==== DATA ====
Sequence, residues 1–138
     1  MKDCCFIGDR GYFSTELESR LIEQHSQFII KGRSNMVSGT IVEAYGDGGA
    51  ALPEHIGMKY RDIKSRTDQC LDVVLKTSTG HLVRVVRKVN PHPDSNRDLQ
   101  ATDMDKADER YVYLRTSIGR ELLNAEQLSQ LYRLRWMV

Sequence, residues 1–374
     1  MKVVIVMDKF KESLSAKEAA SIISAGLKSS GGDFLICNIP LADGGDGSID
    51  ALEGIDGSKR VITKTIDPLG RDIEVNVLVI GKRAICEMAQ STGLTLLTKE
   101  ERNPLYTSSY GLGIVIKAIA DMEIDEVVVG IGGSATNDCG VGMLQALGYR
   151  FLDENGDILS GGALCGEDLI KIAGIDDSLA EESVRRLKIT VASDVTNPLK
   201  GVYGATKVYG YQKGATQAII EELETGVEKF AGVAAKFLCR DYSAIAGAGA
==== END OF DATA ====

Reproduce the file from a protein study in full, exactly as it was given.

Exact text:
Sequence, residues 1–138
     1  MKDCCFIGDR GYFSTELESR LIEQHSQFII KGRSNMVSGT IVEAYGDGGA
    51  ALPEHIGMKY RDIKSRTDQC LDVVLKTSTG HLVRVVRKVN PHPDSNRDLQ
   101  ATDMDKADER YVYLRTSIGR ELLNAEQLSQ LYRLRWMV

Sequence, residues 1–374
     1  MKVVIVMDKF KESLSAKEAA SIISAGLKSS GGDFLICNIP LADGGDGSID
    51  ALEGIDGSKR VITKTIDPLG RDIEVNVLVI GKRAICEMAQ STGLTLLTKE
   101  ERNPLYTSSY GLGIVIKAIA DMEIDEVVVG IGGSATNDCG VGMLQALGYR
   151  FLDENGDILS GGALCGEDLI KIAGIDDSLA EESVRRLKIT VASDVTNPLK
   201  GVYGATKVYG YQKGATQAII EELETGVEKF AGVAAKFLCR DYSAIAGAGA